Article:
Powered by NewsLook.com
Spanish Govt: Four Suspected Ebola Cases in Spain Test Negative

Spanish Govt: Four Suspected Ebola Cases in Spain Test Negative

AFP (Oct. 17, 2014) All four suspected Ebola cases admitted to hospitals in Spain on Thursday have tested negative for the deadly virus in a first round of tests, the government said Friday. Duration: 00:55 Video provided by AFP
Powered by NewsLook.com

Search ScienceDaily

Number of stories in archives: 140,361

Find with keyword(s):
Enter a keyword or phrase to search ScienceDaily for related topics and research stories.

Save/Print:
Share:

Breaking News:

Strange & Offbeat Stories


Health & Medicine

Mind & Brain

Living & Well

In Other News

... from NewsDaily.com

Science News

Health News

Environment News

Technology News



Save/Print:
Share:

Free Subscriptions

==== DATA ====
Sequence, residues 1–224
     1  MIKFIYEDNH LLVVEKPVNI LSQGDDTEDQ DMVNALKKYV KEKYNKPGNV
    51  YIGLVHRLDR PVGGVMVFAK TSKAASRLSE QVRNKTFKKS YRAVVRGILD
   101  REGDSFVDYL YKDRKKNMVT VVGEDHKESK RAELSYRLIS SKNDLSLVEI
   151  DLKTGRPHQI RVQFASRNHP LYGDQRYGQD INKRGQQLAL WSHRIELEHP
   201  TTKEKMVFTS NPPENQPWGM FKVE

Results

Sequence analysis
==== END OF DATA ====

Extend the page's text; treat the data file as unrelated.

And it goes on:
Get the latest science news with ScienceDaily's free email newsletters, updated daily and weekly. Or view hourly updated newsfeeds in your RSS reader:

Get Social & Mobile


Keep up to date with the latest news from ScienceDaily via social networks and mobile apps:

Have Feedback?


Tell us what you think of ScienceDaily -- we welcome both positive and negative comments. Have any problems using the site? Questions?
Mobile: iPhone Android Web
Follow: Facebook Twitter Google+
Subscribe: RSS Feeds Email Newsletters
Latest Headlines Health & Medicine Mind & Brain Space & Time Matter & Energy Computers & Math Plants & Animals Earth & Climate Fossils & Ruins